Certain Amino Acids May Be Valuable Parkinson’s Biomarkers, Review Finds

Certain Amino Acids May Be Valuable Parkinson’s Biomarkers, Review Finds
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Certain amino acids — the building blocks of proteins — found in the blood and cerebrospinal fluid may be valuable biomarkers of Parkinson’s disease, according to a review study.

The review, “Cerebrospinal and blood levels of amino acids as potential biomarkers for Parkinson’s Disease: review and meta‐analysis,” was published in the European Journal of Neurology.

A definitive diagnosis of idiopathic Parkinson’s — when the disease has no known cause — can only be made after death, upon the examination of patients’  brain tissue samples post-mortem. Thus, doctors must focus largely on clinical criteria that identify Parkinson’s typical symptoms in diagnosing people with the disease.

This has encouraged researchers to look for possible biomarkers that could be used in addition to clinical examination to distinguish patients with Parkinson’s from those with other parkinsonian syndromes and healthy individuals.

To date, studies exploring the value of several amino acids found in the blood and cerebrospinal fluid (CSF) — the liquid that surrounds the brain and spinal cord — as biomarkers of Parkinson’s have been inconclusive.

According to the researchers, this “may be related with several factors such as sample size, differences in the handling and storage of samples or in the study methodologies, … and differences in anti-parkinsonian therapies.”

This review and meta-analysis aimed to determine if the levels of certain amino acids circulating in the blood and CSF could be valuable biomarkers of Parkinson’s.

Using four online databases — PubMed, EMBASE, MedLine, and Web of Science — to search the literature, the researchers identified a total of 1,927 studies published between 1966 and 2020 that focused on assessing the possible value of amino acids as biomarkers of Parkinson’s.

After removing duplicates and excluding studies that lacked a proper control group or had other flaws in methodology, the team selected 32 to review.

A pooled analysis of 19 studies comparing the levels of 32 amino acids found in the CSF of those with and without Parkinson’s showed that people with the disease tended to have lower levels of glutamate — an important transmitter for normal brain function — and higher levels of threonine and tyrosine compared with controls. Threonine is an immunostimulant that promotes the growth of the thymus gland, while tyrosine is a precursor for neurotransmitters, including dopamine, that are an important part of the body’s sympathetic nervous system.

The investigators then did a similar analysis using only studies in which patients had been matched to healthy individuals of the same sex and approximately the same age. The findings showed that those with Parkinson’s had lower levels of glutamate and taurine — which has many diverse biological functions, including serving as a neurotransmitter in the brain — and higher levels of tyrosine in their CSF compared with controls.

Next, studies that compared amino acid levels in the blood were evaluated. The researchers did a pooled analysis of the 18 studies comparing the levels of 36 amino acids found in the blood of Parkinson’s patients and matched healthy people (controls). These results showed that individuals with the disease tended to have lower levels of aspartate, serine, tryptophan, and lysine compared with the healthy controls. The Parkinson’s patients also had higher levels of proline and homocysteine compared with the controls. These amino acids, like all building blocks of proteins and peptides, become essential under certain conditions.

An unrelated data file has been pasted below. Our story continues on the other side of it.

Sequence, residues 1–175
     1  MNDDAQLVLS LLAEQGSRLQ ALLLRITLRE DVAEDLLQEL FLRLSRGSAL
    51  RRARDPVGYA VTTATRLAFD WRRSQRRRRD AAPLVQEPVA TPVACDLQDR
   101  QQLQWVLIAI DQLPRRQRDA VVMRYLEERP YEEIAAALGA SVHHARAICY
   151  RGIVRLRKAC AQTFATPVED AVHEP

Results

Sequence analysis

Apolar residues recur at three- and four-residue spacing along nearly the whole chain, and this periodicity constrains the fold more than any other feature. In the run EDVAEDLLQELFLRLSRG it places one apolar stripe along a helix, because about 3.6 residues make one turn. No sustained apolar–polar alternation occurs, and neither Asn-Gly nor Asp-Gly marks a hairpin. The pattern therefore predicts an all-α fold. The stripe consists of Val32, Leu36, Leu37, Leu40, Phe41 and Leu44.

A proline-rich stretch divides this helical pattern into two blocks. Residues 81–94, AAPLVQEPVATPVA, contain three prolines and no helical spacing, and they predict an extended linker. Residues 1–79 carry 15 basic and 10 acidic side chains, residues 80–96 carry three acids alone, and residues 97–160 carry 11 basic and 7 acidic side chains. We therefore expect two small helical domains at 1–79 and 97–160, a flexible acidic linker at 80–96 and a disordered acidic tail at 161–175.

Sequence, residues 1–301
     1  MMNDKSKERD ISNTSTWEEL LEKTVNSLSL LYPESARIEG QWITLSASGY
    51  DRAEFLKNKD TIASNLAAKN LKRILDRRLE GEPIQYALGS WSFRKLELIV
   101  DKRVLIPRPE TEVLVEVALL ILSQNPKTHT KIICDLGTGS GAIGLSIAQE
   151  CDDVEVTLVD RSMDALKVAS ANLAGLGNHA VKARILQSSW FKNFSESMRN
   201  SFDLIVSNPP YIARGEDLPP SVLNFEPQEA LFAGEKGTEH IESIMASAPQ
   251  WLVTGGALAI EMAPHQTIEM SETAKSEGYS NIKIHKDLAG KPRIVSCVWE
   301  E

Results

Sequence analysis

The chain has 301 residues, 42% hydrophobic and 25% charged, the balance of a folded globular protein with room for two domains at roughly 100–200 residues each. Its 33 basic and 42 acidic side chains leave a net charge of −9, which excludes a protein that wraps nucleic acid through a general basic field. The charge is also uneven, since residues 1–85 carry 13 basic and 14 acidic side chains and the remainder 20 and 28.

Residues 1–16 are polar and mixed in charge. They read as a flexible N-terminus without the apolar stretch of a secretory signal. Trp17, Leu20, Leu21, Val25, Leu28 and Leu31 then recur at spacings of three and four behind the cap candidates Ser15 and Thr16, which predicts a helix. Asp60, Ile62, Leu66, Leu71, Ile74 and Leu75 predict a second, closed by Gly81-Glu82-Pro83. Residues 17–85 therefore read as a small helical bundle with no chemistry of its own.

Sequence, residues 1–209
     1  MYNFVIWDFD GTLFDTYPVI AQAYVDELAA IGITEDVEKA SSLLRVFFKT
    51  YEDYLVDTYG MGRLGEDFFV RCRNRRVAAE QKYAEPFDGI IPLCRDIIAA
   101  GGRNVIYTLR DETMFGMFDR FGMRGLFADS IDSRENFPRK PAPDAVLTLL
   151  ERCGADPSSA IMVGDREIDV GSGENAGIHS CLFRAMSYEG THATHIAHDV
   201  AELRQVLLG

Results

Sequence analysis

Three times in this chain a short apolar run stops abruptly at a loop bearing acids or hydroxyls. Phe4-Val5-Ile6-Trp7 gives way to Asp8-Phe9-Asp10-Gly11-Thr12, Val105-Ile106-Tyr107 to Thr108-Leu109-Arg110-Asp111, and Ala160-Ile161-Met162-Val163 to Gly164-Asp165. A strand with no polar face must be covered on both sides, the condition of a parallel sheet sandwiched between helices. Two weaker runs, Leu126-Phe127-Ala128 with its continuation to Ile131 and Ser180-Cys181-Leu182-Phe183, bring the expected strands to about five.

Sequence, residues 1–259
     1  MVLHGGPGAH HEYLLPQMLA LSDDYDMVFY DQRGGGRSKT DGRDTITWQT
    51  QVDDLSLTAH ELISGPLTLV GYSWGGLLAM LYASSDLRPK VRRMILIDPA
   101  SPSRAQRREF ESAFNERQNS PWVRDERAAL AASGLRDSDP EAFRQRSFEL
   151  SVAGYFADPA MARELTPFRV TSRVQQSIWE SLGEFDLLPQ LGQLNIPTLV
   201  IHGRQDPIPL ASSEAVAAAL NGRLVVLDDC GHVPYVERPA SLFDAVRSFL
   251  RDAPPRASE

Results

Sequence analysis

“Despite limitations of this study due to the important variability of results between different series, our findings suggest the value of CSF or serum/plasma levels of several amino acids in the discrimination of PD [Parkinson’s disease] patients from healthy subjects,” the researchers wrote.

The investigators noted that future studies attempting to establish amino acids as biomarkers of Parkinson’s should follow a large number of patients and matched controls over a long period of time. Such studies also need to ensure that the collection and handling of CSF and blood samples are performed regularly using the same conditions.

Joana holds a BSc in Biology, a MSc in Evolutionary and Developmental Biology and a PhD in Biomedical Sciences from Universidade de Lisboa, Portugal. Her work has been focused on the impact of non-canonical Wnt signaling in the collective behavior of endothelial cells — cells that made up the lining of blood vessels — found in the umbilical cord of newborns.
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Ana holds a PhD in Immunology from the University of Lisbon and worked as a postdoctoral researcher at Instituto de Medicina Molecular (iMM) in Lisbon, Portugal. She graduated with a BSc in Genetics from the University of Newcastle and received a Masters in Biomolecular Archaeology from the University of Manchester, England. After leaving the lab to pursue a career in Science Communication, she served as the Director of Science Communication at iMM.
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Joana holds a BSc in Biology, a MSc in Evolutionary and Developmental Biology and a PhD in Biomedical Sciences from Universidade de Lisboa, Portugal. Her work has been focused on the impact of non-canonical Wnt signaling in the collective behavior of endothelial cells — cells that made up the lining of blood vessels — found in the umbilical cord of newborns.
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